When Thomas Jefferson penned the Declaration of Independence he argued that all people have the God-given right to pursue happiness. But what's the best way to go about doing it? Science has some thoughts on the topic. Check out findings from researchers who have reviewed the literature, examined their subjects and crunched the numbers to find out what kinds of actions lead to the highest feelings of subjective well-being.

1. Kiss your mate more.

Kory Floyd, professor of communication at the University of Arizona studied a group of 52 married or cohabitating couples, asking half of them to kiss more often and for longer duration. The other half of the group--the control group--wasn't given any instruction about kissing. At the conclusion of the six-week study the kissing group reported feeling less stressed and more satisfied with their relationships than the people in the control group. In fact, they said during the study they had exercised more, argued less and understood their mates better. Not only that, the kissers' bad cholesterol levels even dropped.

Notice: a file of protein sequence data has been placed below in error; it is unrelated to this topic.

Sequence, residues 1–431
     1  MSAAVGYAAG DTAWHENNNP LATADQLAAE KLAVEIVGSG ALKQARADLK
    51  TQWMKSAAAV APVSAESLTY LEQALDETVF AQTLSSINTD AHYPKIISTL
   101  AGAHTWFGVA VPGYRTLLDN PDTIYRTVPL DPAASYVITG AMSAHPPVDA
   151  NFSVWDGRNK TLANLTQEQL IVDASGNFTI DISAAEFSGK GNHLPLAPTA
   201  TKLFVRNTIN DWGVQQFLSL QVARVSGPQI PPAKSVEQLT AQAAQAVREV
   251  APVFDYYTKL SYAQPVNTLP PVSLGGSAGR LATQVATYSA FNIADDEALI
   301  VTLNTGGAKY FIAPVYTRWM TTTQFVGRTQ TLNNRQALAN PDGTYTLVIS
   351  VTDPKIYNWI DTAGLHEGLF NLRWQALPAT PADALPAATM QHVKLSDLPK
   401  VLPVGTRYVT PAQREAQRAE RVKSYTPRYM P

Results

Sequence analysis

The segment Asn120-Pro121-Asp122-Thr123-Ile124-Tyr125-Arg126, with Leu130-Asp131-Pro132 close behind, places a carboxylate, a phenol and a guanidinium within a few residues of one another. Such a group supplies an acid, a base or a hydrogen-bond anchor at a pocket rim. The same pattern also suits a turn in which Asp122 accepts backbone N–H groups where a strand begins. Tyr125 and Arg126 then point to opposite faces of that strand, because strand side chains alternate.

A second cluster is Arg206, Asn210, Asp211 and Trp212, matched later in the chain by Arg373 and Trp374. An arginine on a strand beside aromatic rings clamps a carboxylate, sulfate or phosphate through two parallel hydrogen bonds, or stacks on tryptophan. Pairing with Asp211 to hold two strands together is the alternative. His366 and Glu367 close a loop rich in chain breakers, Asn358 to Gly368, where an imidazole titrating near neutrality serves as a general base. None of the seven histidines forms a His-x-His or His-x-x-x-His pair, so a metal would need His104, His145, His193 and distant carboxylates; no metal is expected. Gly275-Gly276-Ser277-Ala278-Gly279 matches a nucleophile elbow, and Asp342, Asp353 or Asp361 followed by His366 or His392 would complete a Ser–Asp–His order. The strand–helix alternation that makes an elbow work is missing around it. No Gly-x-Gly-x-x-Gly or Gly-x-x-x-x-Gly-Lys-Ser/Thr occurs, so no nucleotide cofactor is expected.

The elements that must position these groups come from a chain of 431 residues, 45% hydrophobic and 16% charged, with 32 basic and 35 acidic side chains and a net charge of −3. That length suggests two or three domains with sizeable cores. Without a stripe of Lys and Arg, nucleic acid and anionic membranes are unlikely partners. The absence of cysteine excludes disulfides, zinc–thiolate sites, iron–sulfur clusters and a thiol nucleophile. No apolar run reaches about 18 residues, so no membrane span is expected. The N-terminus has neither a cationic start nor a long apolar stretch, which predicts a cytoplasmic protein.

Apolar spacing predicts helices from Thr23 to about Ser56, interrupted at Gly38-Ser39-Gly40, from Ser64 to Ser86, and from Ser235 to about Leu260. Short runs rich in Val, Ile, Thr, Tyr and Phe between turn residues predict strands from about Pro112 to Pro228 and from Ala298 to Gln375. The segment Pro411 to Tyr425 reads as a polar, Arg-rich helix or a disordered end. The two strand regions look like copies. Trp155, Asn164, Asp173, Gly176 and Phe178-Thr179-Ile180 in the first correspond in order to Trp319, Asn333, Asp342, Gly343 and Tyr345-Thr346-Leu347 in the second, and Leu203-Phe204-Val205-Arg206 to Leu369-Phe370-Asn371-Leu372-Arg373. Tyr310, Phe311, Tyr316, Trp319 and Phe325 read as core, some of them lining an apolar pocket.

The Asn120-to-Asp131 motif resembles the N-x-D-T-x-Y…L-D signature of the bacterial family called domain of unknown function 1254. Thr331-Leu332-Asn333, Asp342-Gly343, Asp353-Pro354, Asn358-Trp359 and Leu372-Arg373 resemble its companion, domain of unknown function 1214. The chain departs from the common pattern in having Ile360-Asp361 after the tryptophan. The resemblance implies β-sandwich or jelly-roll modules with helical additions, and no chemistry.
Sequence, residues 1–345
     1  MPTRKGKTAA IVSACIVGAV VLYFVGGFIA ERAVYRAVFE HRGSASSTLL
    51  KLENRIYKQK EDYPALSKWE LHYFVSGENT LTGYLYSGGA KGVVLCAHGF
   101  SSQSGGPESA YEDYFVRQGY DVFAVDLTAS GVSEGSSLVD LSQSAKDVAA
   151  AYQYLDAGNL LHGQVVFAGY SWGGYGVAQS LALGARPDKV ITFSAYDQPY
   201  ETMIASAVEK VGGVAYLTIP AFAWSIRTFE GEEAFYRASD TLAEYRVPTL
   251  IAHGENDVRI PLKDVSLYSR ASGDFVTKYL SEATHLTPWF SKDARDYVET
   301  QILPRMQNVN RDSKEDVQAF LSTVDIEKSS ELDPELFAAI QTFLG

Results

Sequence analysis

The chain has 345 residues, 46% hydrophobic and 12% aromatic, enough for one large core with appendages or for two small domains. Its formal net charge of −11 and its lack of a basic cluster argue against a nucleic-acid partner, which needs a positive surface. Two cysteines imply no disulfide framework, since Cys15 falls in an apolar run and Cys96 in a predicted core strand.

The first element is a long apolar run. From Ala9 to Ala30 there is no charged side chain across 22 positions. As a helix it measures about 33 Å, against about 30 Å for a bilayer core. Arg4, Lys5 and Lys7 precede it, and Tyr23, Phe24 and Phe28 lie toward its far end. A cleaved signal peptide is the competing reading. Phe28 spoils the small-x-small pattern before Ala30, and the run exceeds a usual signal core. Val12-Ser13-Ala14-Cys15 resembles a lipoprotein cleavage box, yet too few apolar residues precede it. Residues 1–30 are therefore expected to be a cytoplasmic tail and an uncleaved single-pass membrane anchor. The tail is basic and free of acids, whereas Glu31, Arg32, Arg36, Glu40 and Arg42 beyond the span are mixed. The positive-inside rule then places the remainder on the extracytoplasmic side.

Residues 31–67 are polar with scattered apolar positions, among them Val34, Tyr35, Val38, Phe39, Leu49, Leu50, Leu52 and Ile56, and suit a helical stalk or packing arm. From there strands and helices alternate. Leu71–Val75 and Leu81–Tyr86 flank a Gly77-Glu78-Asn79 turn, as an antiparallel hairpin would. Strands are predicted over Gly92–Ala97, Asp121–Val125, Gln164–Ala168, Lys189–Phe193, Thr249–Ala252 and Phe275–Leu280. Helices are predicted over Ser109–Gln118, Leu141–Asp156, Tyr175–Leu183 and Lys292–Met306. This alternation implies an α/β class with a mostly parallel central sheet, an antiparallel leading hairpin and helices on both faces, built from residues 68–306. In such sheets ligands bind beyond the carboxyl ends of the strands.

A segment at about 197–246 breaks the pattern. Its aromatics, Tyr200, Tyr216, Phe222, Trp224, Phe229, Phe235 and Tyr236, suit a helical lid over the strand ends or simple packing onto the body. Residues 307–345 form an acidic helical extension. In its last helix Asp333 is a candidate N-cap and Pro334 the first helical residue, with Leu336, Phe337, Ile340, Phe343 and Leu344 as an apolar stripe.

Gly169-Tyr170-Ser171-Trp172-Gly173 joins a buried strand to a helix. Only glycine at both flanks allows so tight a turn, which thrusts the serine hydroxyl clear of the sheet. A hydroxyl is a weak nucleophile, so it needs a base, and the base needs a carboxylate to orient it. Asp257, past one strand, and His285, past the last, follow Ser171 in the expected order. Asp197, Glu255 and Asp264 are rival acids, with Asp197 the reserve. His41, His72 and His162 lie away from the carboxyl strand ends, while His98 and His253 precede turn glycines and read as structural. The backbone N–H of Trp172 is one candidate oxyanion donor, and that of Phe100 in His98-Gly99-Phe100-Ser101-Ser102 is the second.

2. Join a group.

It's a proven fact that lonely people often die earlier than those with good social support. Along that line, researchers recently found a link between identification with a social group and enhanced health and well-being. Plus, people who identify with a group tend to feel more capable and in control of their lives.

3. Take control of your life.

Are you a slave to debt, or suffering under the thumb of a micromanaging boss? It turns out autonomy--the ability to make your own decisions and choose the paths you take in life--can affect your level of happiness. In fact, researchers at George Fox University in Oregon found a relationship between people's perceived levels of autonomy and the way they think about success and failure. In other words, the happiest people are those who feel they have control over their lives and not powerless to the things that have happened to them over time, whether good or bad.

4. Count your blessings.

Deepak Chopra and a slew of researchers (PDF) studying the effect of gratitude on heart failure patients determined that gratitude correlated with better mood and sleep, higher confidence, and lower fatigue and inflammation. Don't have anything to be thankful for? Start with electricity, running water and roof over your head.

5. Guard your weekends.

If working on Saturday or Sunday is a regular practice, you may want to change your ways. After analyzing the large sample size of the Gallup/Healthways U.S. daily poll, researchers (PDF) found that people report much more happiness, enjoyment, and laughter on weekends, compared with weekdays. On those precious days off they also experience far less worry, sadness, and anger than they do on workdays.